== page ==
How to Keep Your Neighborhood Streets Safe

Most people want to live in a safe neighborhood and community where their kids can play outside and residents can sleep soundly. Unfortunately, crime rates can increase due to a lack of involvement from local residents and reckless driving can lead to accidents. If you want to continue living in a safe environment, there are a few tips on how to keep your neighborhood streets safe.

Add Better Lighting

Theft and break-ins occur more often in neighborhoods that are dim and don’t have a lot of light because criminals like to hide out in the shadows. Streets that are brightly lit can cause them to be easier to spot, making it necessary to improve the lighting in the neighborhood. You not only want to rely on street lights, but it’s also important to request that neighbors turn on their porch lights. Motion-sensor lights also work well for entry points near the home and turn on if someone walks by.

Better lighting will also improve visibility for motorists and can reduce the risk of accidents that occur.

Start a Neighborhood Watch Program

Organizing a neighborhood watch program will allow you to find neighbors who are willing to make efforts to keep an eye out on each block. Schedule a meeting after contacting a law enforcement agency in the neighborhood. The meetings should be held every few months, which will allow everyone to discuss their concerns or address issues that need to be resolved. This is also the time you can find solutions to problems to improve the safety of the local area.

Using a neighborhood safety app will also allow different residents to post anything unusual or suspicious to make everyone aware. It’s also important to encourage the local law enforcement to attend safety events that are hosted to ensure they can establish a relationship. Law enforcement will take more action to protect the local area if they’re familiar with the residents.

Become Friends with Your Neighbors

A united neighborhood where everyone knows each other is often safer because residents tend to look out for one another more. It’s important to become familiar with the people you live closest to, which will allow you to have an extra set of eyes on your property.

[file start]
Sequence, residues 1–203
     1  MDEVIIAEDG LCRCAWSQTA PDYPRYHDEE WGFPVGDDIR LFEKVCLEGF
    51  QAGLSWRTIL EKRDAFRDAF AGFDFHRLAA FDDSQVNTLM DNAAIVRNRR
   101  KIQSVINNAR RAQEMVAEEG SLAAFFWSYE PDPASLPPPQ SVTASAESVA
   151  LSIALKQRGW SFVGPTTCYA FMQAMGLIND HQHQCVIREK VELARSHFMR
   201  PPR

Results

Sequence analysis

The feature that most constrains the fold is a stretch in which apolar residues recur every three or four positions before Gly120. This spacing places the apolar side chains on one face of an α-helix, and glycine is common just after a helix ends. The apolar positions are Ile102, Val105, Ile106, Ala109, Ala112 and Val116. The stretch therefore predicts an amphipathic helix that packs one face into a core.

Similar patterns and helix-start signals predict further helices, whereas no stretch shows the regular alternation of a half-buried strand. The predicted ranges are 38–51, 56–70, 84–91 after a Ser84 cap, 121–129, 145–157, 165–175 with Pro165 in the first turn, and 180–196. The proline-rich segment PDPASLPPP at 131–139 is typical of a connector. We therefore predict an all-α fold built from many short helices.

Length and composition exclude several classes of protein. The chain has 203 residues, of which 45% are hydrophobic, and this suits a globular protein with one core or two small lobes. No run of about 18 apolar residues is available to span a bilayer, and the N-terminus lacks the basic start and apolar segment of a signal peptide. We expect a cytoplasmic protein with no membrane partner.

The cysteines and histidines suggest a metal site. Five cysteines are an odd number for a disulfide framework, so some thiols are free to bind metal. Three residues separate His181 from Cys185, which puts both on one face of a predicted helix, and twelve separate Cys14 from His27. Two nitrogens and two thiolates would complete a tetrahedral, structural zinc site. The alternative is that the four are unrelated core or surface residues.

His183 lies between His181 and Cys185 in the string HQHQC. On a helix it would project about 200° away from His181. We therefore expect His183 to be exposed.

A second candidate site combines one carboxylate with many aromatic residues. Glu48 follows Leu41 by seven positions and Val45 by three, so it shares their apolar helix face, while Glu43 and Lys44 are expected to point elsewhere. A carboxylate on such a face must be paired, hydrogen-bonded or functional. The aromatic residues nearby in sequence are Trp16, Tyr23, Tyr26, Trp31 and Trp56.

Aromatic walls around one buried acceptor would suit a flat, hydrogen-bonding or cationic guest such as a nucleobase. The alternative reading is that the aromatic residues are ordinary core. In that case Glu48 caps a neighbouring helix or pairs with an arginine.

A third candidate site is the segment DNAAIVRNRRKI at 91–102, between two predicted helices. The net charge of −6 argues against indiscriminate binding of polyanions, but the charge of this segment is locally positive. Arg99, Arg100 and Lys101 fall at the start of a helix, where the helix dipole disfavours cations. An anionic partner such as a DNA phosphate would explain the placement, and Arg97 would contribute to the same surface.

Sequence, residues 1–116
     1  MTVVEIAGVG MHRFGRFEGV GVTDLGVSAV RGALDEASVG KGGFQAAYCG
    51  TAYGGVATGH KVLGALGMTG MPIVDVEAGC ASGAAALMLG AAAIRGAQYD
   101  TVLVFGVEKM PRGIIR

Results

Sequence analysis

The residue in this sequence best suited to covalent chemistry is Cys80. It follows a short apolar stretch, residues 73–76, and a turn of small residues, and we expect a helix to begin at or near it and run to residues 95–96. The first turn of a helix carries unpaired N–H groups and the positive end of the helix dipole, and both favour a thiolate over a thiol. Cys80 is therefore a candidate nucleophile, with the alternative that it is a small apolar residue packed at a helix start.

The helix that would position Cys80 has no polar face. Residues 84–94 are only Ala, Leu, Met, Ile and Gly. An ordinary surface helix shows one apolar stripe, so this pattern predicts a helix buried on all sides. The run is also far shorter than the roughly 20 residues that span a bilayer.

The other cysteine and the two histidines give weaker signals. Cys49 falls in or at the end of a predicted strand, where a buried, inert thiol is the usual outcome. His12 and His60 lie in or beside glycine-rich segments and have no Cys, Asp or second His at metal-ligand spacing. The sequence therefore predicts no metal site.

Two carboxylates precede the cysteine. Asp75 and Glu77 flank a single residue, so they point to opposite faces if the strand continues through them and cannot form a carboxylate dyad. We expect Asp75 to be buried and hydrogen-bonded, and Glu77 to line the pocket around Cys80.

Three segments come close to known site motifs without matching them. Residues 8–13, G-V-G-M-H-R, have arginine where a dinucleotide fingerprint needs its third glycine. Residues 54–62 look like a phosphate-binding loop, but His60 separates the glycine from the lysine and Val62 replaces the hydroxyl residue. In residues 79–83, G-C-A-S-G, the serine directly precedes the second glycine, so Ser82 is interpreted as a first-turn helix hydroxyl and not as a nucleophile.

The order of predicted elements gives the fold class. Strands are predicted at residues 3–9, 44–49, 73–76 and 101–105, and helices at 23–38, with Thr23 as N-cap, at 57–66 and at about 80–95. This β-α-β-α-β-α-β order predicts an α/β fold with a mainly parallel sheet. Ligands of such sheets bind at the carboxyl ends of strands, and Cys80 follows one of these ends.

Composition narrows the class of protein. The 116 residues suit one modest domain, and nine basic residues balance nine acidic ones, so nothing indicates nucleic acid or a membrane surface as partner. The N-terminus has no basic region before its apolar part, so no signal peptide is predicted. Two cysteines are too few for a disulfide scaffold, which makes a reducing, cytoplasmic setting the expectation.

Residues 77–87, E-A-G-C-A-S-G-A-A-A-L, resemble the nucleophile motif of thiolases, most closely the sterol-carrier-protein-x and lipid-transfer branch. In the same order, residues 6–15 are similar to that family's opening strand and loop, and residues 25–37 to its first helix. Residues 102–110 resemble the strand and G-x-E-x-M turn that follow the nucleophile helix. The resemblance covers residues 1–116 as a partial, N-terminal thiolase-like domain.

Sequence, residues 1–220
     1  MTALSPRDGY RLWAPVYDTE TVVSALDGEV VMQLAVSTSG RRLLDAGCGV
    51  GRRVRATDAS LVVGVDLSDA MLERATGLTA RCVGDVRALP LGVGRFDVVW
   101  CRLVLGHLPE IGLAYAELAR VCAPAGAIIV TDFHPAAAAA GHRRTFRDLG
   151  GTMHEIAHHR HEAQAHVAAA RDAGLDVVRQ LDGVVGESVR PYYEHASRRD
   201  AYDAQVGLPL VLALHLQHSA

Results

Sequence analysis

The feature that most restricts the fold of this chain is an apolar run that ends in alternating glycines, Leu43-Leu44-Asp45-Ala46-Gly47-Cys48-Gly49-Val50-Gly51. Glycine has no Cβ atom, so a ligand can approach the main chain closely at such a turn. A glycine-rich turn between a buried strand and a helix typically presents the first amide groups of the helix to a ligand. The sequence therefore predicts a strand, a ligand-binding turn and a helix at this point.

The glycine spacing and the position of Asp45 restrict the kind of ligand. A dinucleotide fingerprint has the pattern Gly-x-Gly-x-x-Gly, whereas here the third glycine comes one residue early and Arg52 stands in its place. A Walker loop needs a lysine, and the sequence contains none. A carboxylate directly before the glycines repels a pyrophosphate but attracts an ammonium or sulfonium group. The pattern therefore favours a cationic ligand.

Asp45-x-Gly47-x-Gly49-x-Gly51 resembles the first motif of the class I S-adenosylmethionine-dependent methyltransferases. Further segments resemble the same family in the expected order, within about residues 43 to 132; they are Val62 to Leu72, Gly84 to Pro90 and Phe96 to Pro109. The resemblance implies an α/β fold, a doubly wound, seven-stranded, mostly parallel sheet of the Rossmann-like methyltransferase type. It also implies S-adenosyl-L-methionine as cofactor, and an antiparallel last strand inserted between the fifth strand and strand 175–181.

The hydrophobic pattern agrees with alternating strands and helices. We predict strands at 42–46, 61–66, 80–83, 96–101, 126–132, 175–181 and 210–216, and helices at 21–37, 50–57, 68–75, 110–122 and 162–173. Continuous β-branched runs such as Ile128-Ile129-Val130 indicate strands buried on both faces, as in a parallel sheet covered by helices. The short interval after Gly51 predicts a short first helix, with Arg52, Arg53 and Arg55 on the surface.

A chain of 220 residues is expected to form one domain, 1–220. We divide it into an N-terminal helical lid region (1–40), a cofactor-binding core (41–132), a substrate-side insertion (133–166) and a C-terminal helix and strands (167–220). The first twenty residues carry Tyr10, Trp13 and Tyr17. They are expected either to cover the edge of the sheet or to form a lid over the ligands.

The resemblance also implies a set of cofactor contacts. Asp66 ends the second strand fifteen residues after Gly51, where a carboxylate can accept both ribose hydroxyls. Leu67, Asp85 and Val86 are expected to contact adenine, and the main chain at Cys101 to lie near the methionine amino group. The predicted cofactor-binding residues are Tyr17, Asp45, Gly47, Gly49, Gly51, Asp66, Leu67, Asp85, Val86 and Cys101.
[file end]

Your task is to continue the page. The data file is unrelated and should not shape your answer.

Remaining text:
You can also talk to your neighbors about traffic issues, whether drivers are running stop signs or speeding is present on certain streets. Working together to discuss issues can lead to installing street lights or more stop signs. Some neighbors can also pitch in to purchase safety signs for the streets to warn motorists of kids playing nearby.

Install Security Cameras

Consider encouraging the homeowners in the neighborhood to install surveillance cameras, which can provide more security and accountability. There will be more supervision of each block if residents are able to view the footage of poor driving or theft. If a criminal attempts to carry out a crime, the cameras can provide local law enforcement with the proof they need to prosecute the individual or discover who was guilty of the crime.

Learn the Latest Crime Trends

Researching the latest crime trends can allow you to safeguard the neighborhood and prepare for ways the area may be targeted. Knowing what’s occurring around the neighborhood can allow residents to take more precautions, whether it’s removing valuables that are in their cars or adding neighborhood watch signs on the streets.

Researching areas where drivers are the most ticketed can also allow you to discuss any improvements that can be made to help drivers slow down. You can work with the city to add traffic speed humps in specific areas in the neighborhood.

You don’t have to feel defenseless when crime rates begin to rise in the local area if you take the right steps. By acting quickly and joining forces with your neighbors, it can create a safer community that offers peace of mind.



Alex is the co-author of 100 Greatest Plays, 100 Greatest Cricketers, 100 Greatest Films and 100 Greatest Moments. He has written for a wide variety of publications including The Observer, The Sunday Times, The Daily Mail, The Guardian and The Telegraph.

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